, there is sisterhood and grief and grit and love. But what I rarely admit in those conversations: this book isn’t only an effort to break the boundaries set by journalism, or to explore what happens when other people lose power. It has also been an effort to exert control over my own life.
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When I sat down to write Kickdown
, I was pregnant with my first child and living far from the rural West in Portland, OR. I missed aridity and big sky and small towns where it takes an hour to pick up your mail at the post office because it would be impolite not to talk to one's neighbors. But being pregnant, I wanted to stop traveling as much as I had been. Reporting for me meant jumping on a plane every six weeks, or driving hours on isolated two-lane roads. It also meant setting my personal life aside to meet tight deadlines (because they are always tight). I thought novel writing would be easier; something I could be more in charge of.
In some ways this proved true. I didn’t have to go anywhere but the deep corners of my own mind. I could be immersed in the rural landscape without leaving my house. My deadlines were self-imposed and easy to ignore in the face of a sick kid or a bleary-eyed day.
And yet writing a novel filled me with self-doubt, often for weeks. My fear of failure and my actual failure broke my heart. At times, I was so distracted by my book that I wasn’t paying attention to my baby, not noticing his fleeting babyhood. And while I tried to use the book to process my own fears of unpredictable things, life found me.
One of the characters in Kickdown
struggles with a series of miscarriages. While trying to get pregnant for the second time, years after I had written those scenes, I had two miscarriages. From the first draft, the book has always opened with two sisters returning to their family’s ranch after their Dad’s sudden death from cancer. Somewhere in the third or fourth rewrite, my own dad was diagnosed with cancer. All three main characters in the novel have become strangers to themselves, their old answers have failed them; as a new mother, in a haze of breastfeeding and sleep deprivation, I similarly feared that I had lost the map to any known future. Simply writing about my fears did nothing to prevent them from becoming real.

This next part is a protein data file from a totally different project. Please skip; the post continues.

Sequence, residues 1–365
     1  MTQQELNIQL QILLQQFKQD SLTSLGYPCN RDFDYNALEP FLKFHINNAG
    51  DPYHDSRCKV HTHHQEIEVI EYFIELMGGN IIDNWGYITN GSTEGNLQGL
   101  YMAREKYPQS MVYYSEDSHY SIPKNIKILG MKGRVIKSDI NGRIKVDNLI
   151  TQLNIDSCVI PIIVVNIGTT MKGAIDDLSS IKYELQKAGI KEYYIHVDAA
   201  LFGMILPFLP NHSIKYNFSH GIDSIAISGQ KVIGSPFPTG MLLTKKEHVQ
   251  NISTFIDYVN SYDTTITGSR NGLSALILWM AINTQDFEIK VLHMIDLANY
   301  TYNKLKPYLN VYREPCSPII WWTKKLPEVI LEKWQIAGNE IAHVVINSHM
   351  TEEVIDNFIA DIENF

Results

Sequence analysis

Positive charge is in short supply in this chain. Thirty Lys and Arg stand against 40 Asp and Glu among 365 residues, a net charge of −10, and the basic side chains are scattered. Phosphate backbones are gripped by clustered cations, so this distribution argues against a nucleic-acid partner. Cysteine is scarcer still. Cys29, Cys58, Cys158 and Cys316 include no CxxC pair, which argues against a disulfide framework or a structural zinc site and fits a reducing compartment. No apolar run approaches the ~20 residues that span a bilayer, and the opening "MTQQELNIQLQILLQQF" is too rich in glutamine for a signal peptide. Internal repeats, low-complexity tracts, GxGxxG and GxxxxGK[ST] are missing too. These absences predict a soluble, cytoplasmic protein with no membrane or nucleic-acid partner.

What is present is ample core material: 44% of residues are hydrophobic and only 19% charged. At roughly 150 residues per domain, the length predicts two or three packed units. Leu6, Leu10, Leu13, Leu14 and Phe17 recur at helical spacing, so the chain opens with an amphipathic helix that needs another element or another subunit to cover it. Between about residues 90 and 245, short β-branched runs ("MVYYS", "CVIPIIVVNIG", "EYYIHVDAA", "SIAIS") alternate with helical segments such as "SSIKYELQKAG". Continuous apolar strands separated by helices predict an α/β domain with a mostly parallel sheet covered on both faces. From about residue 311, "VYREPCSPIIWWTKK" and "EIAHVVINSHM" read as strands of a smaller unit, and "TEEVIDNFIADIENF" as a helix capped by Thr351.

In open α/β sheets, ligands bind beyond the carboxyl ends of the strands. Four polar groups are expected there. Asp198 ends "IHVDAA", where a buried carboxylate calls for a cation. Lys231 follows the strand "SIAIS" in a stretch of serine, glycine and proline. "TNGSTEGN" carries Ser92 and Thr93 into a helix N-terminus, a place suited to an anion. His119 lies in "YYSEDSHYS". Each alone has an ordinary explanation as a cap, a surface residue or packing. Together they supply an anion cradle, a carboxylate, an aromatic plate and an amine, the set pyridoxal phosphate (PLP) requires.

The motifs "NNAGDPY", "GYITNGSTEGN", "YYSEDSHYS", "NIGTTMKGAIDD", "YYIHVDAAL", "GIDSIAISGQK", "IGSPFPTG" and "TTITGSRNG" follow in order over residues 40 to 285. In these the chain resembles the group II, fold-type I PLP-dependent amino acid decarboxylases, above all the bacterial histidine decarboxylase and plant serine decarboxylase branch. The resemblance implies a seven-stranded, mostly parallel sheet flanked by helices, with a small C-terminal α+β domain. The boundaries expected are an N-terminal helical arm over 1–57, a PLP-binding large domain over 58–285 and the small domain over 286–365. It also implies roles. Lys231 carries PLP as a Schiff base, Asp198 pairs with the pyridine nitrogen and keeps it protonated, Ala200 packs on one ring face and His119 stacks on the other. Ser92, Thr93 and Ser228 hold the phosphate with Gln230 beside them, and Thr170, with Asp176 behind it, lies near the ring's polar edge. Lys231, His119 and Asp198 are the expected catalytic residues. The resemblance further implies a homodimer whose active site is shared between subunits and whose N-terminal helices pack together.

I thought I could write a book and decide what happened to my characters; I saw myself as a grand puppet master. Even that idea crumbled. It was not something that I as a skeptical reporter could have anticipated: that along the way the characters became real to me. I had to listen to them, to pay attention to how they might respond to their lives, before I could finish the book.
It’s been seven years since I finished the first draft of Kickdown
; yet life for those who live near oil and gas wells remains fraught with hardship. I’m back to reporting again and in June I traveled on assignment to the Navajo Nation. There I met with a group of people who say their water is now yellow some days, that the air that used to be sweet is now stinky, that they worry about their grandchildren’s health. I listened and took notes. I breathed their air and got an immediate headache. Then I left. At home in Portland, my family nearby, clean water pouring from the tap, I tried to write an article that did what novels do: make the reader feel something, though I am not sure I succeeded. It is too easy for those of us who still believe that we are in control of where and how we live, who live in urban places removed from the landscape that feeds and powers us, to read about the threads of the world beyond view and then, simply, put down the article, or shut the book.
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, an award-winning journalist, has been writing about the rural West for nearly 20 years. Her journalism, for which she has won the Hillman Prize and an Alicia Patterson Foundation Fellowship, has appeared in such publications as Mother Jones, High Country News, The Nation
, and Salon.com. Kickdown
, shortlisted for the PEN/Bellwether Prize, is her first novel. She lives in Portland, Oregon, with her husband and two young sons.